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I am new to Spring framework, now I chose it for a new project.

The project is actually an online consulting application. when a customer chooses to query by open page window, A consulting engineer will be assigned to him(many to one). to sum up, this app requires the following considerations.

1- anonymity connections for customer and authentication for consulting engineers. 2- one engineer can serve several customers at a time. 3- the way to assign customer could be configured. 4- WebSocket session should remain open while HTTP session expired.

so I have two questions:

for 1-3 items, I am not sure if I should choose STOMP or plain WebSocket in Spring. it seems STOMP is more advanced but more likely to fit a general messaging requirement (topics, subscriptions ... etc). WebSocket in another hand is simpler and more flexible. I wonder which one is better in this consulting application?

for point 4, session expired. google result suggests spring-session. but I can only found its tutorial about integration spring-session with STOMP. if WebSocket is the better choice, how can I integrate spring-session with Plain WebSocket?

Thanks

  • Too general a question and you're asking for opinions, or possibly a chapter in a book. You need to clarify some of your terminology. There is no such thing as an HTTP Session. HTTP protocol is a request/response protocol. Client makes request/Server responds/socket closed. The idea of "session" is something that has to be layered on. Obviously websocket is an alternative protocol designed for sustained socket communication exactly because HTTP doesn't have session. You need to clarify what you mean. – gview Jul 17 '17 at 2:26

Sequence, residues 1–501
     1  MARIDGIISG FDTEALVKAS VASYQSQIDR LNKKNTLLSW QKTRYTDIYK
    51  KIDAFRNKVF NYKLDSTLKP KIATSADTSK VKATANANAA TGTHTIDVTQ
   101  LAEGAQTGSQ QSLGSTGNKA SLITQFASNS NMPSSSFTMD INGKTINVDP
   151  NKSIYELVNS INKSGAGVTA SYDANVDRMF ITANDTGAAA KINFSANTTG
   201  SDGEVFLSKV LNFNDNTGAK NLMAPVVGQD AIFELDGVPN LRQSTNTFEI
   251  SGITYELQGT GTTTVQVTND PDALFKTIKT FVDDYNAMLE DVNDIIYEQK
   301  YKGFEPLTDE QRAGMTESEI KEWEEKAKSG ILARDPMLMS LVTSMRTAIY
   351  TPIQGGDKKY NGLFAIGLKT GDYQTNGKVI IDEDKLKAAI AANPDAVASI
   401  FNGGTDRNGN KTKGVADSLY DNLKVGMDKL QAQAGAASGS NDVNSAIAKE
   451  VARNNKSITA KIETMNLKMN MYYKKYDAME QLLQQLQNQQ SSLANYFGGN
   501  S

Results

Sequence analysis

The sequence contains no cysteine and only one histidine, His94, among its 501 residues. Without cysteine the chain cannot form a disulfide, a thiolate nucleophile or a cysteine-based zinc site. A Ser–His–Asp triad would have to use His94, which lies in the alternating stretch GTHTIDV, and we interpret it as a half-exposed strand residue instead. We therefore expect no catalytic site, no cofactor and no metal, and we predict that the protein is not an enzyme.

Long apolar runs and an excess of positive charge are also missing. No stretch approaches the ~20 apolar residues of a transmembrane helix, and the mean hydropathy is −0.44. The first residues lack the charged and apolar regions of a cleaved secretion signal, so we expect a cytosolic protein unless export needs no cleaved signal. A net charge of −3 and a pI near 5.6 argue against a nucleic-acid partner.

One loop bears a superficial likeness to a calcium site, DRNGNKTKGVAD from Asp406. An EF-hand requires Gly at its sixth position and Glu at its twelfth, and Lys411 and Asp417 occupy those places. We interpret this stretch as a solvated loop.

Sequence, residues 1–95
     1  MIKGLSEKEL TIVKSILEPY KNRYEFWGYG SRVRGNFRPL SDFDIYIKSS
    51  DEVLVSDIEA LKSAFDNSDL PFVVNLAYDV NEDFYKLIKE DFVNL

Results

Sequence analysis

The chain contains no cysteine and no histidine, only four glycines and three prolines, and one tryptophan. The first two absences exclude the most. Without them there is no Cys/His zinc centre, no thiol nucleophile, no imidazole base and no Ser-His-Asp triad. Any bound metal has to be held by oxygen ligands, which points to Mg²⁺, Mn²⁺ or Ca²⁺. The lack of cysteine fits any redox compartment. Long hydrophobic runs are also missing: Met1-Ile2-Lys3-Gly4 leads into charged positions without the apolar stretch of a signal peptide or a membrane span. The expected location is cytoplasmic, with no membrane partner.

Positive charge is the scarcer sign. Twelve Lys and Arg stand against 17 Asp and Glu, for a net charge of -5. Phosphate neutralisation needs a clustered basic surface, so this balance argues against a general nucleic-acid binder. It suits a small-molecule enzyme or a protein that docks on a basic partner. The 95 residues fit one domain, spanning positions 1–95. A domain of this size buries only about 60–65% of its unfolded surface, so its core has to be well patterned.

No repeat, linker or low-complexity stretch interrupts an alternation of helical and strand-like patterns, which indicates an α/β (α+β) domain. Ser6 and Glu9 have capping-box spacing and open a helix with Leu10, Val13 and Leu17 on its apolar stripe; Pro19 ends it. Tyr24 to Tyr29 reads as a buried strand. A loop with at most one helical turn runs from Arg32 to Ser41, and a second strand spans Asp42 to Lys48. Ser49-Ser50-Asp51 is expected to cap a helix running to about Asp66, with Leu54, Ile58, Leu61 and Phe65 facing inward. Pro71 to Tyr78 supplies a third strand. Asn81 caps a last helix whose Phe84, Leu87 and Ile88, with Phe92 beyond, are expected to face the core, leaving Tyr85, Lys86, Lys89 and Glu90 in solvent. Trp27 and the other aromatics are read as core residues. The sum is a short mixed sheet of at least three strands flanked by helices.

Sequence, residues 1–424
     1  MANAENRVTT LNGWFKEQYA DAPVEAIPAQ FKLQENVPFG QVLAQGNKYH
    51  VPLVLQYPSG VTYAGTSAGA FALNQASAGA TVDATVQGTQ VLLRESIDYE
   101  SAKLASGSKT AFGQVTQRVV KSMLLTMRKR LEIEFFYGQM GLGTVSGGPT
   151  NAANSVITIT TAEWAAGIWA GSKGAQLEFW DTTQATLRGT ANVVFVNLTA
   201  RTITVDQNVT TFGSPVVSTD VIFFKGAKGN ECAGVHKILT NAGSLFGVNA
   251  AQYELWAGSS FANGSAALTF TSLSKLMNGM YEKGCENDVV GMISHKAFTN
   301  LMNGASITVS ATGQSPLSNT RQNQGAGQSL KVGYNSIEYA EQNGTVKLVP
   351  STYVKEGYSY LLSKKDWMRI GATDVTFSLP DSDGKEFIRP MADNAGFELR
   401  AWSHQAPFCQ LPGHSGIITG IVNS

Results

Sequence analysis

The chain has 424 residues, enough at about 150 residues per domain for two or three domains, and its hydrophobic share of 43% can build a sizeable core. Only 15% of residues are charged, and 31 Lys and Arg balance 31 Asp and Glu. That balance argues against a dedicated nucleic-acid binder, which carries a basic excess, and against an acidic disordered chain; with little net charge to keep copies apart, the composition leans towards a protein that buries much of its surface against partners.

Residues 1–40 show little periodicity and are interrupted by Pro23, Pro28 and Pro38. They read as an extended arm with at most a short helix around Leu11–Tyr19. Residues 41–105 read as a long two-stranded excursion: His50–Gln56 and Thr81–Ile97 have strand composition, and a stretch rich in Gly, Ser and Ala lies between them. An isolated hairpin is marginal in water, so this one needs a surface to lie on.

• @gview sorry for the misleading information, When I Say HTTPSession I meant Server side session for a User. – Korben Jul 17 '17 at 2:52
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When you talk about websocket you have to have in mind that it is a simple and "raw" communication protocol without many defined message controls. If you choose to use plain websocket you should be able to authenticate using basic authentication [1]. In this case, your websocket connection, once opened, will stay open and working indefinitely.

But it's also up to you to control the message flow, deciding how to specify the target for each message. That's where STOMP should help you.

Using STOMP you could define "channels" to which customers and consulting enginners would "subscribe" to and begin communication. And you could also send private messages using the "Principal" from an authenticated Spring Security session.

So, answering your points:

1- anonymity connections for customer and authentication for consulting engineers.

It is possible to define multiple endpoints within Spring Websocket configuration [2]. You could try to request authentication with only one of the endpoints using a implementation of ChannelInterceptorAdapter.

2- one engineer can serve several customers at a time.

Using the definition of channels, with the help of STOMP, you could subscribe the enginner in multiple channels, each for one customer... Or use private messages between them.

3- the way to assign customer could be configured.

I'm not sure what you meant... But it should be easy to assign a customer to a "channel".

4- WebSocket session should remain open while HTTP session expired.

The HTTP session is only used in the initial process, to connect to the websocket. After that the websocket will remain open or, if you use SockJS for fallback, the HTTP session will be constantly renewed.

I have coded an example of websocket server and client using Spring API. It's not exactly what you need, but I think it'll give a good idea.

  • thanks @Jairton Junior, I at going to choose stomp and check your example. – Korben Jul 19 '17 at 3:43

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